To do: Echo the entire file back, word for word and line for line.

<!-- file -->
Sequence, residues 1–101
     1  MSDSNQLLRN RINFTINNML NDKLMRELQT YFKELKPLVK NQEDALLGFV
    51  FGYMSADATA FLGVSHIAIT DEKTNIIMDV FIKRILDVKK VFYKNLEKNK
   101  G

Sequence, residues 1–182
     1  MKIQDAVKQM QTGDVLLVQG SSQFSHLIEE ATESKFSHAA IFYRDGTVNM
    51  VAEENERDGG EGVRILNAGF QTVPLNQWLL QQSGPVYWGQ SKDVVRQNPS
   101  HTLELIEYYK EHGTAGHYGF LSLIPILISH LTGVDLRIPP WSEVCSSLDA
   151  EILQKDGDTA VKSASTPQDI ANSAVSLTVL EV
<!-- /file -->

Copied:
Sequence, residues 1–101
     1  MSDSNQLLRN RINFTINNML NDKLMRELQT YFKELKPLVK NQEDALLGFV
    51  FGYMSADATA FLGVSHIAIT DEKTNIIMDV FIKRILDVKK VFYKNLEKNK
   101  G

Sequence, residues 1–182
     1  MKIQDAVKQM QTGDVLLVQG SSQFSHLIEE ATESKFSHAA IFYRDGTVNM
    51  VAEENERDGG EGVRILNAGF QTVPLNQWLL QQSGPVYWGQ SKDVVRQNPS
   101  HTLELIEYYK EHGTAGHYGF LSLIPILISH LTGVDLRIPP WSEVCSSLDA
   151  EILQKDGDTA VKSASTPQDI ANSAVSLTVL EV